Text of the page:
The Associated Press reports that the Department of Justice may be seeking to cut a deal with BP over fines resulting from the Gulf spill rather than hashing it out in court. The AP's main source is the office of Rep. Steve Scalise (R-La.), which says it as tipped off via their work on a spill-response bill.
A DOJ official tells Politico there's no deal in the works. But, deal or no deal, how the department handles this issue is crucial, as there is a huge amount of money at stake.
The question right now is whether the DOJ will make the case that it was BP's negligence that led to the explosion and subsequent spill. Here's why that matters: fines for Clean Water Act violations begin at $1,100 per barrel spilled and jump to $4,300 per barrel if the company is deemed negligent. If DOJ settles with BP, the company would likely fork over the cash faster, whereas seeking the higher penalty would almost inevitably result in protracted legal wrangling. But when you consider that an estimated 4.9 million barrels of oil were dumped into the Gulf over the course of the spill, the difference between those two penalties could really add up. Based on the Justice Department's conclusion, BP could face anywhere from a $5.4 billion to $21 billion fine.
This becomes even more relevant this week, since on Tuesday former Mississippi governor and Navy Secretary Ray Mabus, who Obama tapped to lead the Gulf recovery planning effort, recommended that the money go directly to the region to cover both short- and long-term restoration efforts (as the Gulf coast was already facing quite a few environmental challenges before the spill). Under current law, the revenue from those Clean Water Act fines is supposed to go into the Oil Spill Liability Trust Fund to cover future oil spill cleanups. But the Mabus report recommends that Congress pass a new law to direct a "significant amount of any civil penalties" to a new fund, and create a Gulf Coast Restoration Council that would determine how best to spend that money. The report also endorsed sending some of the funds directly to the states to support their restoration efforts.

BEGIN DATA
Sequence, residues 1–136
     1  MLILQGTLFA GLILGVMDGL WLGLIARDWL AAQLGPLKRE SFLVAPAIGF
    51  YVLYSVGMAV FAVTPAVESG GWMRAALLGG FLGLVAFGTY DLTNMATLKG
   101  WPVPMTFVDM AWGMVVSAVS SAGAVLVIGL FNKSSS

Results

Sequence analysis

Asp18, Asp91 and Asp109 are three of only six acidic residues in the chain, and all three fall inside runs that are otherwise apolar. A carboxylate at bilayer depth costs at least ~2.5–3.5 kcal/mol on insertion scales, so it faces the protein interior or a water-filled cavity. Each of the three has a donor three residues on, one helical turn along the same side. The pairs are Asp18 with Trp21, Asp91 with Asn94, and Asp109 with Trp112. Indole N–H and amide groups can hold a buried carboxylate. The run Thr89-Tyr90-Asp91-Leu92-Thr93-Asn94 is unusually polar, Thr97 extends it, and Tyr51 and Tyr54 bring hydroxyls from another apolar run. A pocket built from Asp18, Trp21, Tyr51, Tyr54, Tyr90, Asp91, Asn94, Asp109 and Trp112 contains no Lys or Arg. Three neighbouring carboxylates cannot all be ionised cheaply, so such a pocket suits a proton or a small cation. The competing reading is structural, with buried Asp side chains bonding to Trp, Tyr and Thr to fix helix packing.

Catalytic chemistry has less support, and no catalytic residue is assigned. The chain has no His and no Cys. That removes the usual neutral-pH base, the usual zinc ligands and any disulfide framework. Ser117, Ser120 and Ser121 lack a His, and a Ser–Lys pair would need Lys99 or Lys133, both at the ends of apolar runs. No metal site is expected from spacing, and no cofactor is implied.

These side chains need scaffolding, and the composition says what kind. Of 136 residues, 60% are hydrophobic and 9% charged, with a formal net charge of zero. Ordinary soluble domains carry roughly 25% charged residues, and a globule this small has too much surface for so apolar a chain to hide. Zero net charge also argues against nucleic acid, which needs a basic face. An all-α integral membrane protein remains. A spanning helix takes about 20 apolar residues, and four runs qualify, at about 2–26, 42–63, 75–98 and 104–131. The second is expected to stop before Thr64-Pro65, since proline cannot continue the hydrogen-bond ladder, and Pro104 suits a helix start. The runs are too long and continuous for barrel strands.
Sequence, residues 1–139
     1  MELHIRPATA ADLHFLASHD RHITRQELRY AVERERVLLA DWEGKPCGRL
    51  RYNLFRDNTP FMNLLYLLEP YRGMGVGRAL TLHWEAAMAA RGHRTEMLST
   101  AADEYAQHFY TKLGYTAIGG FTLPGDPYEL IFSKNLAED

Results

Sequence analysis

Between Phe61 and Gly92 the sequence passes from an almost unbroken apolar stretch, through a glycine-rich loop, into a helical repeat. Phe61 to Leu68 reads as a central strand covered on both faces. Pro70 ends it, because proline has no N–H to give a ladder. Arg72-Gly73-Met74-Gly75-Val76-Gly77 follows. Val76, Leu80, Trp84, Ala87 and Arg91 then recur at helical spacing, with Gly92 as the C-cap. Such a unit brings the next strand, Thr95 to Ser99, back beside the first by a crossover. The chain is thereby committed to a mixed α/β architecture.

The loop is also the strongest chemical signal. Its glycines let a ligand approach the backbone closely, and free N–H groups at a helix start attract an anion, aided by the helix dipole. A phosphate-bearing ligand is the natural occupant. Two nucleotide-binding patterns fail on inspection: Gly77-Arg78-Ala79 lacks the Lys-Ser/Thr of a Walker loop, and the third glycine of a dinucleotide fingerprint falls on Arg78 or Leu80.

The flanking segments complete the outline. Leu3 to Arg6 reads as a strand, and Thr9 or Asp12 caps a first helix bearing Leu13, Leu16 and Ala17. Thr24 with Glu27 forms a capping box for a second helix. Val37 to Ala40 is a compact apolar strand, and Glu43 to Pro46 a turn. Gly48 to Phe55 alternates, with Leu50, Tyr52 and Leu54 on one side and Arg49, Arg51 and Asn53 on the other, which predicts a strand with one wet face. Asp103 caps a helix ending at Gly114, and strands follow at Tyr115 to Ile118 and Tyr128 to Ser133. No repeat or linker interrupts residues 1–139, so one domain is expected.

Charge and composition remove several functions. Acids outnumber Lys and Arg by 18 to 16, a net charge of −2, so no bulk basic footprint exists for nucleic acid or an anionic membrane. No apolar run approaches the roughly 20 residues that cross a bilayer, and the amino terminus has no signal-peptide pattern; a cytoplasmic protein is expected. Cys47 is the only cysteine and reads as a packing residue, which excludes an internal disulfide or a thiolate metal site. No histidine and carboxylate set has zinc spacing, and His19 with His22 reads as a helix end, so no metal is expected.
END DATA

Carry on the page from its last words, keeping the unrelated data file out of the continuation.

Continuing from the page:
The Obama administration endorsed the recommendations of the Mabus report yesterday, but whether Congress will take action is anybody's guess. Scalise and other Gulf state legislators, including Democratic Sen. Mary Landrieu of Louisiana, are lobbying for a change that would devote 80 percent of that money directly to impacted states. How the DOJ decides to approach the fines will make a huge difference in how much money there is to fight over.